Thanks to modern communications, we now know the name of every British soldier who dies in Afghanistan. Most are male, but that may change if the Government follows the example of the US Defence Secretary, Leon Panetta, who has lifted the ban on females in combat roles. President Obama then welcomed the prospect of "our mothers, wives, sisters and daughters" playing a bigger role in protecting the country.
Obama's heart is in the right place, but his choice of language is telling. He could have talked about female engineers, pilots and doctors, but he didn't; even the President has yet to shake off the habit of seeing men through the lens of their careers, but women as members of the nation's family.
For an older generation of career soldiers, the change is a step too far, as an email exchange reported in The Washington Post revealed last week. An Iraq war veteran, Valerie Warner, wrote to Volney Warner, her grandfather, who is a retired general, explaining how she'd like to see women incorporated into infantry units. In the 1970s, he may have helped integrate women into hundreds of non-combat roles in the US army, but he didn't respond positively to her email. "I remain convinced that women are better at giving life than taking it," he told her.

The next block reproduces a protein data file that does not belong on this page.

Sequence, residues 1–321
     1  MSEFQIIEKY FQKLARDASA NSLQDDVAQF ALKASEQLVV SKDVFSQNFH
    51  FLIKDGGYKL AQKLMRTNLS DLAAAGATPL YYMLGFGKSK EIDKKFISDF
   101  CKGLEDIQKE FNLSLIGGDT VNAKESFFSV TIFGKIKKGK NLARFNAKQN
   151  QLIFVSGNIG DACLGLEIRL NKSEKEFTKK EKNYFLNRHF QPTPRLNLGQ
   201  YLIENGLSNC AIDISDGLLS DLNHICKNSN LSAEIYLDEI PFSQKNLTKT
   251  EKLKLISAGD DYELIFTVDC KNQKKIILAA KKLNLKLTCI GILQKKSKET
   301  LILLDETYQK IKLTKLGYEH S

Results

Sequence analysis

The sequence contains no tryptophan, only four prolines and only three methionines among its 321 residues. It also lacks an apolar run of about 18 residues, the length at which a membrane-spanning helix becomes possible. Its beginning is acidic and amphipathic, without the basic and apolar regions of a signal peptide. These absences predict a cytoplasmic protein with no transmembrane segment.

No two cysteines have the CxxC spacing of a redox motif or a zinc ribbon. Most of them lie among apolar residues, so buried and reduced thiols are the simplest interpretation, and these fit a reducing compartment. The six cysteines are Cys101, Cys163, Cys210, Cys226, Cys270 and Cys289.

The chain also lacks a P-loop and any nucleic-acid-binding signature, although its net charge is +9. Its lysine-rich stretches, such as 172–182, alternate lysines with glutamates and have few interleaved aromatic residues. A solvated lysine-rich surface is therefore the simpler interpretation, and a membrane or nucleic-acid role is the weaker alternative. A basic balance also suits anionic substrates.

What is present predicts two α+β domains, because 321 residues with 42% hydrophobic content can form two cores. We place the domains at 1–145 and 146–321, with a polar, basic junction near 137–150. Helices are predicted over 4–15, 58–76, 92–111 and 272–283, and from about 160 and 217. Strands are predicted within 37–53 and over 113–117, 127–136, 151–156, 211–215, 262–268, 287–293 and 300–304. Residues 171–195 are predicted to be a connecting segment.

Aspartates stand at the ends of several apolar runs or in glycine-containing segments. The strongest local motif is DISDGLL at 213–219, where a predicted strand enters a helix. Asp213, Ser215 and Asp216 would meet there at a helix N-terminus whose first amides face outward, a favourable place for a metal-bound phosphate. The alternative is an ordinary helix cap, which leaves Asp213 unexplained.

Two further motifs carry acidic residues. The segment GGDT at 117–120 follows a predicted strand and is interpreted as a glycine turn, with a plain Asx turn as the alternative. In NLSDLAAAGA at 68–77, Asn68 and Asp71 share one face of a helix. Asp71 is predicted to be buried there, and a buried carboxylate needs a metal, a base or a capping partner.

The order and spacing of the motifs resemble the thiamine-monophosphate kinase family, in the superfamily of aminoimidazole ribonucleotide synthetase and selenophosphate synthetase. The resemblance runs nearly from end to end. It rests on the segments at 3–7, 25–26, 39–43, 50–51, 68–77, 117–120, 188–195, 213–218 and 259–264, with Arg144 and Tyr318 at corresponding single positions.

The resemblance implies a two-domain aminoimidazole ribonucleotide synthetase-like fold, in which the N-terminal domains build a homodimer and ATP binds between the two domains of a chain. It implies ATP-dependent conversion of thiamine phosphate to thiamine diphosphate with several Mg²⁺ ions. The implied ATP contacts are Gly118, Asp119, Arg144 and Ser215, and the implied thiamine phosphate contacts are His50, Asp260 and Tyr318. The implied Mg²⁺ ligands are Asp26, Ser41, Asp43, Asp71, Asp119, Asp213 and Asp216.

General Warner's feelings may have been coloured by the death of another granddaughter in a roadside bomb in Afghanistan in 2005, but it used to be standard military thinking. As the proportion of women in the US military began to rise towards its current rate of 14 per cent, the pressure to allow them into combat roles has increased, and some commanders hope the change will reduce the US military's alarming levels of sexual harassment and assault. According to General Martin Dempsey, chairman of the Joint Chiefs of Staff, having "one part of the population that is designated as warriors and another that's designated as something else" encourages the psychology that leads to abuse. I think it's safe to say we're going to witness a re-evaluation of what constitutes a "warrior" when more women start returning from war with battlefield injuries, including loss of limbs.
In any case, the assumptions that originally kept women out of the military have been totally undermined by modern warfare. For centuries, combatants were encouraged to think they were risking their lives to protect women and children at home. Of course, that only ever applied to the winning side, as the horrific rape of German women in the wake of the Second World War showed. Now it's more dangerous to be a civilian than a soldier in a war zone: 90 per cent of casualties are civilians, according to Amnesty International; three-quarters are women and children.
Keeping women out of combat roles may protect traditional sensibilities, in other words. But the sight of flag-draped military coffins is a distraction from the reality of modern warfare, where women and children bear the brunt of injury, suffering and death.